JOLENE WALLACE, Cornell Cooperative Extension
---- — Can you see what's not there?
You're probably thinking that this is a trick question, that, of course, you can't see what's not there.
If I rephrased it to, "Do you notice what should be there but isn't?" it may make more sense.
I started thinking about this last week while I was sitting on my porch with my dog, Oliver. I have nine or 10 pots on the porch that I have flowering plants in from late spring through fall. Oliver loves to sniff flowers and last week was going from pot to pot sniffing the soil in each one.
After each sniff, he would look at me. By the time he got to the last pot, he was glaring at me, I'm sure of it. Ollie was noticing what was not there but, in his mind, should have been. I think the warm weather threw him off this year. If it's 70 degrees, there should be flowers to sniff, right?
We are all pretty aware of what is in our gardens. This time of year, we notice new growth on the evergreens, bulbs poking up through the soil preparing to bloom, our perennials breaking dormancy and beginning to grow, our lawns greening. These changes seem to happen overnight.
We feel energized and renewed by the signs of life happening around us and begin tending to the needs of our plants as they arise.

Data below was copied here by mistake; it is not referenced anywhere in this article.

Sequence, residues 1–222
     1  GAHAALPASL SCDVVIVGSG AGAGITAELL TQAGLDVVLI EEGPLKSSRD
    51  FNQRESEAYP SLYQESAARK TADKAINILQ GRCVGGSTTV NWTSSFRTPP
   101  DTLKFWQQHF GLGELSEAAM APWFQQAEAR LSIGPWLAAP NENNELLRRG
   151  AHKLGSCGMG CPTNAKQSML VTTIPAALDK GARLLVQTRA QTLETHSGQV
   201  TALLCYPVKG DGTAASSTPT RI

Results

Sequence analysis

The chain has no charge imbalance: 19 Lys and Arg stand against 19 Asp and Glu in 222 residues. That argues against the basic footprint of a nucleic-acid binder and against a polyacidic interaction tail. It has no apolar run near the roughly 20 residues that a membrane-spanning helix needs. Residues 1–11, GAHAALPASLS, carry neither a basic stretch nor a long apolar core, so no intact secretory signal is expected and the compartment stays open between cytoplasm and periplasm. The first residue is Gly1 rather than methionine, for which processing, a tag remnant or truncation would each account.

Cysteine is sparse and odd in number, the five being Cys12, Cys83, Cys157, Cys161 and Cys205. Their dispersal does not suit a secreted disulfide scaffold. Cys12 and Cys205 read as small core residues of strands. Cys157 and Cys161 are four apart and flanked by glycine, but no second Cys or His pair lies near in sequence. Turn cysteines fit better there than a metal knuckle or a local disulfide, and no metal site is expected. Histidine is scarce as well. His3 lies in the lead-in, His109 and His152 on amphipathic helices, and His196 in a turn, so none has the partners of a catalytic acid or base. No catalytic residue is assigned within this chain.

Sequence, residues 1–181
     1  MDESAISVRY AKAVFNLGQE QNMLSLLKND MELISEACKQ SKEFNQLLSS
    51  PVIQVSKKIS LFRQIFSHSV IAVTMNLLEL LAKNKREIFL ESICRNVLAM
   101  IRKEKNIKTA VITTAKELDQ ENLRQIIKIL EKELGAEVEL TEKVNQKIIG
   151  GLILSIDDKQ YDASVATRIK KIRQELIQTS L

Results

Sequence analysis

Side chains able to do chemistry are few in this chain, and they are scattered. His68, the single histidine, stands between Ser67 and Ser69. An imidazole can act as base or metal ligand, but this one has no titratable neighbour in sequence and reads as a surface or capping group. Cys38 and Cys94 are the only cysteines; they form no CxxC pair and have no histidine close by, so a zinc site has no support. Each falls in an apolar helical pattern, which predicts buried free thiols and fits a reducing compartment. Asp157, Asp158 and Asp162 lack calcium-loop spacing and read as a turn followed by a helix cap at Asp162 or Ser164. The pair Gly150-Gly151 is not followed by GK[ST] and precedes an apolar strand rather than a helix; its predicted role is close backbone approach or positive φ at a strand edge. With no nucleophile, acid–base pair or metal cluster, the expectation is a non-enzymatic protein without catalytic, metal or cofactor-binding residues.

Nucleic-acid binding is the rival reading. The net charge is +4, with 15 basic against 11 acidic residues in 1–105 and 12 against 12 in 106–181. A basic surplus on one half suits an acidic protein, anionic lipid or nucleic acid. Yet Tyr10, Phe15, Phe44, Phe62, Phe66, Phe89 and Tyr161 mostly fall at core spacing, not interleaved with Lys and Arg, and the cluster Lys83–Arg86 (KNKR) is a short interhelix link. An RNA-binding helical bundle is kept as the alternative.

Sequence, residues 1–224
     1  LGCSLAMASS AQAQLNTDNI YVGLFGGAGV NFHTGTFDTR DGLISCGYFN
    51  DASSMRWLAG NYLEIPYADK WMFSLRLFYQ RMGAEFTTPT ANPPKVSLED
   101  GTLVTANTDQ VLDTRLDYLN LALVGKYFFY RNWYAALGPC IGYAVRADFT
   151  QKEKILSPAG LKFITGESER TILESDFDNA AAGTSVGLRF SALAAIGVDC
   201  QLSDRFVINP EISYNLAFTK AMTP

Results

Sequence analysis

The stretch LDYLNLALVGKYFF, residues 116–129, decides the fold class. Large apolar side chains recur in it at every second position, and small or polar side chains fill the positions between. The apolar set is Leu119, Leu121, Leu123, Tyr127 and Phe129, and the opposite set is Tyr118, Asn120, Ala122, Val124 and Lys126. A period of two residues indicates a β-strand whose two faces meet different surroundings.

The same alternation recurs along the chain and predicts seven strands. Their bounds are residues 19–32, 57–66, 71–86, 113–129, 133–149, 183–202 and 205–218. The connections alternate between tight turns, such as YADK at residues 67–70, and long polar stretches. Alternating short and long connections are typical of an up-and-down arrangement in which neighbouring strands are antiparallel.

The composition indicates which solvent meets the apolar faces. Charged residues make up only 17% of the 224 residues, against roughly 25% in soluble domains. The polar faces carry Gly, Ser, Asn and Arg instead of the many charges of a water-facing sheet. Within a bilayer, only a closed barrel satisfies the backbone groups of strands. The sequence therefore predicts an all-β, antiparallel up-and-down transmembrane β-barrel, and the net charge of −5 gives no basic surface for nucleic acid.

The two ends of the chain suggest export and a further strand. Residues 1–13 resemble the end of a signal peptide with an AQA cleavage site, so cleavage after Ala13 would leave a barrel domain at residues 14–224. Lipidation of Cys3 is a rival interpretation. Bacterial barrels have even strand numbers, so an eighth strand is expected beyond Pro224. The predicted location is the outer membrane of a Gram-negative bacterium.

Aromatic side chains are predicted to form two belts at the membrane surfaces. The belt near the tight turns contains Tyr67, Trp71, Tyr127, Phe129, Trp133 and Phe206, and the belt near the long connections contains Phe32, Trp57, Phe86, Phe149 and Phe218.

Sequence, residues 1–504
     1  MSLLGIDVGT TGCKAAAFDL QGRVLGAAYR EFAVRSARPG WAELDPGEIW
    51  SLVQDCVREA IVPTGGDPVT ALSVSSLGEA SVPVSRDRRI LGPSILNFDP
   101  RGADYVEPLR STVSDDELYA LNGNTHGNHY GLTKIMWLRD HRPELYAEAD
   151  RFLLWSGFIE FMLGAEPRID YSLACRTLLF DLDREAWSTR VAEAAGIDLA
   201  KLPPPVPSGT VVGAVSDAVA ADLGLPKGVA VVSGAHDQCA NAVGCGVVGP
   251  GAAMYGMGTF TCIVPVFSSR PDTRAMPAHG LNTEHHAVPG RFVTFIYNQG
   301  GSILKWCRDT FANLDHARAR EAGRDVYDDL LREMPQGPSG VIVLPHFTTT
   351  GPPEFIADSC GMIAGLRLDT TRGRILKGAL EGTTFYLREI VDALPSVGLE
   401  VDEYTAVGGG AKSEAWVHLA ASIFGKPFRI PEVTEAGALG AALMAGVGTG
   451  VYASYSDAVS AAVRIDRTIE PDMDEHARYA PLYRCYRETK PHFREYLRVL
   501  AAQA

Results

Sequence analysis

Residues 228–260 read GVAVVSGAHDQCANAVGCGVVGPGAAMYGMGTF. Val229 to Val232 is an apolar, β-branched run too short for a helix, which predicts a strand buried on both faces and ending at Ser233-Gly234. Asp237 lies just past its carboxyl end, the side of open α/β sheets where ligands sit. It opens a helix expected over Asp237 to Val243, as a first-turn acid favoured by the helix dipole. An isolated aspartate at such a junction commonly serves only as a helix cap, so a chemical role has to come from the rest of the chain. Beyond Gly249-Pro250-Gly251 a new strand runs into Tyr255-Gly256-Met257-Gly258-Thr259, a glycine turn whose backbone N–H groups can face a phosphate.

Again I ask you, can you see what's not there? How much attention do you give the plants that you don't see, the plants that break dormancy later than their neighbors in the flower bed? Are you mindful of them while you're pulling weeds, adding organic materials or dividing your perennials? Are you careful not to disturb their roots? Do you notice the evergreens that aren't putting out new growth when they should be or the tree branch that is not producing leaf buds?
If you want to nip problems in the bud (pun intended), you need to notice what's not there and give some thought to what is missing and why that might be.
I think that our gardens speak to us, but we frequently don't hear them. Now you know I don't mean that your tomato plant is going to holler, "I'm thirsty, water me now" or that your flower bed is going to tell you, "A little mulch would be nice," but noticing that slight wilting, or that first chewed leaf or that pale green that should be dark is your garden speaking to you.
Listen carefully and you will hear it. The sooner you hear it, the sooner you can attend to it.
Then you may hear your garden breathe a sigh of relief and thank you.
On Thursday, the Master Gardener volunteers will be doing a presentation on "Growing Vegetables at Home."
This presentation will be held 6:30 to 8 p.m. in the St. Patrick's Church basement, 138 Lake St. in Rouses Point.
This program is free of charge and open to all. We are being hosted by the Village of Rouses Point Beautification Committee.
For more information, contact the Cooperative Extension office at 561-7450.
Jolene Wallace is the horticulture program assistant for Cornell Cooperative Extension in Clinton County. Contact her at 561-7450 or email@example.com.